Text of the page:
Earwax stickiness. Neanderthal ancestry. Caffeine metabolism. Tasting soap when you eat cilantro. Direct-to-consumer genotyping companies like 23andme boast this kind of information in exchange for a tube of your finest spit and a chunk of change about equivalent to a week’s worth of groceries. In the process of unlocking the whimsy of the human genome, however, companies that deal in providing genetic information to consumers have amassed an enormous collection of data.
Nearly 80% of 23andme’s consumers consent to have their information used for research purposes. One of the most valuable applications for information about millions of genomes and their owners is to uncover genes that can be targeted for therapies to treat diseases. A new multi-million-dollar collaboration between pharmaceutical company GlaxoSmithKline and 23andme promises to make identification of pharmaceutical targets quicker and aid in the design of therapies that are more likely to succeed in clinical trials on an unprecedentedly large scale.
But what does this have to do with whether you like the taste of cilantro? To find out, we first need to dive in to what kind of data direct-to-consumer genotyping companies have and how they get it.
In order to keep costs lower for the company and the consumer, most direct-to-consumer genetic testing companies use a simple method called a DNA microarray to test for specific snippets of the genome that are correlated with certain characteristics.
To generate the DNA microarray, microscopic “spots” of DNA are linked to the surface of a tiny chip. These “probe” DNA sequences pair with specific sequences in the human genome that signify certain traits. Often, these specific sequences are portions of the genome where one individual may differ from another by a single nucleotide. The substitution of one base pair for another at a specific site in the genome is called a single nucleotide polymorphism, or a SNP. Many SNPs are commonly associated with specific traits, and are therefore a mainstay for direct-to-consumer genotyping companies. Only a fraction of existing SNPs are known to correlate with certain traits or diseases, limiting the number of probe sequences needed to test a single individual.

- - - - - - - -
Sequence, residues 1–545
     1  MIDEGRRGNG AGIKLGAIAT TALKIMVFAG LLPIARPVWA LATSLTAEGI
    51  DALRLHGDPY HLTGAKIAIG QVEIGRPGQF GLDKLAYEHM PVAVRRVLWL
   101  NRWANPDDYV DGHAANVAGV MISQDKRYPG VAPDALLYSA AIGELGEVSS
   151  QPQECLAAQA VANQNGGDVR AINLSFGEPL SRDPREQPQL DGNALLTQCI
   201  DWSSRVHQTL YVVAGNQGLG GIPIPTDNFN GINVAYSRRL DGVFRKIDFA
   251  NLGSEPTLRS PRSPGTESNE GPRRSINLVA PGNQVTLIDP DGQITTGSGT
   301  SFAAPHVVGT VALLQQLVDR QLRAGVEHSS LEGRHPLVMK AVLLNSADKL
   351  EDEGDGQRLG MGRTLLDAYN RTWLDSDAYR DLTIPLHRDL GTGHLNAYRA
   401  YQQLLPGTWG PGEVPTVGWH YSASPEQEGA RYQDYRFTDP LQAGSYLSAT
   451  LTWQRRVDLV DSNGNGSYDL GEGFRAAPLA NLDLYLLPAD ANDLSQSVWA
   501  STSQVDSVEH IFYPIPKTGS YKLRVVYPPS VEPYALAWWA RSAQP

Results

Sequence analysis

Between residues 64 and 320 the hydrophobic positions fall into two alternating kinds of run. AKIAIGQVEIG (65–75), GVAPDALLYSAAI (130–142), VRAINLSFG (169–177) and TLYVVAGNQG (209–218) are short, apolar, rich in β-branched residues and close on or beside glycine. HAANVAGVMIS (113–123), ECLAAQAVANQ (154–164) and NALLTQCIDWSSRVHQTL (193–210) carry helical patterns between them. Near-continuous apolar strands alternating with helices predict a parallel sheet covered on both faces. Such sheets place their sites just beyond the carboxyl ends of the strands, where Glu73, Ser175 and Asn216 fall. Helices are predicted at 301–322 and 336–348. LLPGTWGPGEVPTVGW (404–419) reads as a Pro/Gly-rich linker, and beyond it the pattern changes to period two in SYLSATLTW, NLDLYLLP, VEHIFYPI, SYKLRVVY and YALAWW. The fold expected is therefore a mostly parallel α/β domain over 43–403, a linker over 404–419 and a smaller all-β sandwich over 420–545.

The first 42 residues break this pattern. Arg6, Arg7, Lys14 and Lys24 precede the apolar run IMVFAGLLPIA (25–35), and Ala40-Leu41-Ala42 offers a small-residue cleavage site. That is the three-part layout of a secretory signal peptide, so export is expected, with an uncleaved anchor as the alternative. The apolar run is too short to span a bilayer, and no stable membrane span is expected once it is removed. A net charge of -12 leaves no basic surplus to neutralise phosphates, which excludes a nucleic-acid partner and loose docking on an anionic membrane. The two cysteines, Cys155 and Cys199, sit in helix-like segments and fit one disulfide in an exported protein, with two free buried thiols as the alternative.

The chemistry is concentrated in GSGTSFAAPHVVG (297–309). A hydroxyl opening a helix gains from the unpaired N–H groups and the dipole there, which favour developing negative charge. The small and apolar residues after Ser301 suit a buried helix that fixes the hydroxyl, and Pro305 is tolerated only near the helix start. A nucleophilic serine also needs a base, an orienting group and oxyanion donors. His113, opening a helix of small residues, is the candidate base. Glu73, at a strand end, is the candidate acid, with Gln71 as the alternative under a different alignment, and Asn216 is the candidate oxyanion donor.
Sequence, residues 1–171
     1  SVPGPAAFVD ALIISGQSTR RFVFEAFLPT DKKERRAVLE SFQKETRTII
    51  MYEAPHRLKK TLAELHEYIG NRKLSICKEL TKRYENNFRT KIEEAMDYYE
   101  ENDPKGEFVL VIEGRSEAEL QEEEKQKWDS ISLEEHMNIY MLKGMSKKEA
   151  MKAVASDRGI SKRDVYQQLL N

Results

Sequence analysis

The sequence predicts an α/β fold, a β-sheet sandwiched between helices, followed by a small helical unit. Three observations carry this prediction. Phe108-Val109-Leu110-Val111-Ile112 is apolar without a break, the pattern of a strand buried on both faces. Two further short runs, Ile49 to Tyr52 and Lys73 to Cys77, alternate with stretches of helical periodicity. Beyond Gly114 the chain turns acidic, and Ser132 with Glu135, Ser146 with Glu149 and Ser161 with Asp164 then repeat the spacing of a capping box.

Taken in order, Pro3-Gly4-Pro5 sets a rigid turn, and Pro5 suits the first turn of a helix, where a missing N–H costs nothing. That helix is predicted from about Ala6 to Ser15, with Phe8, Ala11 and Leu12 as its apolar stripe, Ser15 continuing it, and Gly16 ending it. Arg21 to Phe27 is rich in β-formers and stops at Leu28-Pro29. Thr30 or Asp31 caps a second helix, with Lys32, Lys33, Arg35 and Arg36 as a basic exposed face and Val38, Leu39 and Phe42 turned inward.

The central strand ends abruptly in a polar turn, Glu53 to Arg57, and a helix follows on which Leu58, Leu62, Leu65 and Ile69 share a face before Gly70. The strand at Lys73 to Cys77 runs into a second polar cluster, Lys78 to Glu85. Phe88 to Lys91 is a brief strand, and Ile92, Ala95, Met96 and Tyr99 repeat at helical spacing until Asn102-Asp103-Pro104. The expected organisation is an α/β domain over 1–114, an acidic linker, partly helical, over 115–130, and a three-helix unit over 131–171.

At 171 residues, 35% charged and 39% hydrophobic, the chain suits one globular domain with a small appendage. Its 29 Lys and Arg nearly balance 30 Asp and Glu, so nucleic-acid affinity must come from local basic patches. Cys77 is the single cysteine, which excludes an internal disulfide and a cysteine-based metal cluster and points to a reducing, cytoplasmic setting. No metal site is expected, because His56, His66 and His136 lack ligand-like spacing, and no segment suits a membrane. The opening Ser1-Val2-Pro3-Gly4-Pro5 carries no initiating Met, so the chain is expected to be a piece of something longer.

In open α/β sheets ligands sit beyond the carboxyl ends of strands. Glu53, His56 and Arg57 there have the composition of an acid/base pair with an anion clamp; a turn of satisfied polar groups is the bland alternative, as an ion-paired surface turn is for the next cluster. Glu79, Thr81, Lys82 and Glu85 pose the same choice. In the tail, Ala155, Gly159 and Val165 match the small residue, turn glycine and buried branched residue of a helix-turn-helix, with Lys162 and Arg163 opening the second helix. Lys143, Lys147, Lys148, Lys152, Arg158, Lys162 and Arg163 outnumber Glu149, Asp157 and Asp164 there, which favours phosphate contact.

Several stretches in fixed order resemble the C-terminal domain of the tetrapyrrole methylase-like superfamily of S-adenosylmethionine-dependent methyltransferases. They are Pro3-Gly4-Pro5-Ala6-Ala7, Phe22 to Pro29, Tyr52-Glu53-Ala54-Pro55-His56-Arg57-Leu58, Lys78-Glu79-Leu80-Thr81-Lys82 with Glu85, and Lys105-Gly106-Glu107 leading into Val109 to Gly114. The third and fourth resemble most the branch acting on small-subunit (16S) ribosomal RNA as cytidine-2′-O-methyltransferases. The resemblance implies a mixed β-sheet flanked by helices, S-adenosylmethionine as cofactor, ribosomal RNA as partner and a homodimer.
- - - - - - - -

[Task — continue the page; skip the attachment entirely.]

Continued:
The company typically requests a saliva sample, which would contain both white blood cells and skin cells from within the mouth that are suitable for purifying large quantities of DNA. Once the saliva sample is received, DNA is extracted and subjected to an amplification process which generates more copies of the DNA from the sample. The DNA is then heated so that it no longer binds to its original pairing strand. Proteins that can cut DNA are then used to chop the genome into smaller pieces. From here, the DNA fragments are tagged with a unique fluorescent molecule that can track the position of the query DNA on the microchip. The processed sample is then applied to the chip, where query DNA will pair with probe DNA if it is complementary in sequence. To obtain test results, the microchip is analyzed for bright spots, which represent a positive test result for the genetic variant at that position on the microarray. Direct-to-consumer genetic testing companies typically include a catalog of probe DNA sequences that are strongly associated with specific traits, common ancestral backgrounds, and predisposition to a small subset of diseases.